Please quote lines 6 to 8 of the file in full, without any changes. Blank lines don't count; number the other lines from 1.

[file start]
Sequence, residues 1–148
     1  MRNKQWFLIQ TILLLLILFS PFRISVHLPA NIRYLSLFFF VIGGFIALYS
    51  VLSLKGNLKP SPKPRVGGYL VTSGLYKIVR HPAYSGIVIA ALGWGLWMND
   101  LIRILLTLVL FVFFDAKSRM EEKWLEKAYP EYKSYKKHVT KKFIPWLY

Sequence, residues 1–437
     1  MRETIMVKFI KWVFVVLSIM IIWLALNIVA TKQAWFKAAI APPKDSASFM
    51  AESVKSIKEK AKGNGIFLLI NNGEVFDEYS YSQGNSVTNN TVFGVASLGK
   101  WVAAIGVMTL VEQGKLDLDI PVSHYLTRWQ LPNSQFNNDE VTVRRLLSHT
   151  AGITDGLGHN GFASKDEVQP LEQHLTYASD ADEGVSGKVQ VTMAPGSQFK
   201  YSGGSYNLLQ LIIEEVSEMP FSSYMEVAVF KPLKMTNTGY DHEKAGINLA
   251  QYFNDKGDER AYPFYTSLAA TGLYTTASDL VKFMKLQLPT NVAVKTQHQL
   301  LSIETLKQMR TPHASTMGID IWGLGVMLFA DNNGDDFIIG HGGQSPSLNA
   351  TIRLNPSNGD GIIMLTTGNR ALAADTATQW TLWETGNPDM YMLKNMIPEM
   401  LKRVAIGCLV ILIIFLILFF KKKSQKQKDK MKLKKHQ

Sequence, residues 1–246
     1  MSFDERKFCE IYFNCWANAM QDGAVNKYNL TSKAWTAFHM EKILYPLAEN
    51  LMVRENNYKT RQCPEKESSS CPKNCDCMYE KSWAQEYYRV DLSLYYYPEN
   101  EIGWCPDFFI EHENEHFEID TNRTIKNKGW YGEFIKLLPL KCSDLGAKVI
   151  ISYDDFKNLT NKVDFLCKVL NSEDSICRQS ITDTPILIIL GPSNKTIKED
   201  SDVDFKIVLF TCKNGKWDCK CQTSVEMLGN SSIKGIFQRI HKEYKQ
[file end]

     1  MRETIMVKFI KWVFVVLSIM IIWLALNIVA TKQAWFKAAI APPKDSASFM
    51  AESVKSIKEK AKGNGIFLLI NNGEVFDEYS YSQGNSVTNN TVFGVASLGK
   101  WVAAIGVMTL VEQGKLDLDI PVSHYLTRWQ LPNSQFNNDE VTVRRLLSHT